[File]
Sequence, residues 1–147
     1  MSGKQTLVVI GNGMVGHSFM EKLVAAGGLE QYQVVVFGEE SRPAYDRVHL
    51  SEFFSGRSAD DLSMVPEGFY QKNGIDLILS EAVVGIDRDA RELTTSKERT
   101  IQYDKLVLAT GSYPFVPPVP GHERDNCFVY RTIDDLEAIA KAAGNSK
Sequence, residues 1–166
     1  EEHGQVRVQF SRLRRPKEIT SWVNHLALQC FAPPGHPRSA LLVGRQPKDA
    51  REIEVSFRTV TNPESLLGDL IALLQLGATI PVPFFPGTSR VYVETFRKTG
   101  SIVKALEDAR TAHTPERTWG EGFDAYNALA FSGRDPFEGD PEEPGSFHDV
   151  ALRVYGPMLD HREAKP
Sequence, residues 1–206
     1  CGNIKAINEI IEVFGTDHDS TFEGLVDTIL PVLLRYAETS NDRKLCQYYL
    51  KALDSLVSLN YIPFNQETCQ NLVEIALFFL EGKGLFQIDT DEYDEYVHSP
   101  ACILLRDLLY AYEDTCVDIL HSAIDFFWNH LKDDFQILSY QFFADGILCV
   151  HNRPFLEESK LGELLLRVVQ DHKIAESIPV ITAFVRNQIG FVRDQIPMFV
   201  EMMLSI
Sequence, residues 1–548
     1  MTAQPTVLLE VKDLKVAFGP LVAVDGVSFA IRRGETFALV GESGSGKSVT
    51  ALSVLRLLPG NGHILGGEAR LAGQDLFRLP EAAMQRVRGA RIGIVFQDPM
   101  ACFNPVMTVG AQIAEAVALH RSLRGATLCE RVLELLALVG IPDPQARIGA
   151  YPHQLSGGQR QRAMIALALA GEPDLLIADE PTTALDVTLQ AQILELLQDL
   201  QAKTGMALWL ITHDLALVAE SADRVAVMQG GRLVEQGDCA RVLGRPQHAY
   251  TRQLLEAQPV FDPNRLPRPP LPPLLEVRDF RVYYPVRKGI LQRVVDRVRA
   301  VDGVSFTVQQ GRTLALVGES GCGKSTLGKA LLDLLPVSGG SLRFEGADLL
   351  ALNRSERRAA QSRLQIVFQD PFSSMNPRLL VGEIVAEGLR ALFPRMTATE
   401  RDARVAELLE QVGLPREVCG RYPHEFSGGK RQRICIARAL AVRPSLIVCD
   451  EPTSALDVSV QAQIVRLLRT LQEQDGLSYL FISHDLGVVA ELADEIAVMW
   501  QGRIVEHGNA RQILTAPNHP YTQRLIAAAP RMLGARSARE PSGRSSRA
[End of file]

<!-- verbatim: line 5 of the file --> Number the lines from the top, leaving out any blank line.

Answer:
Sequence, residues 1–166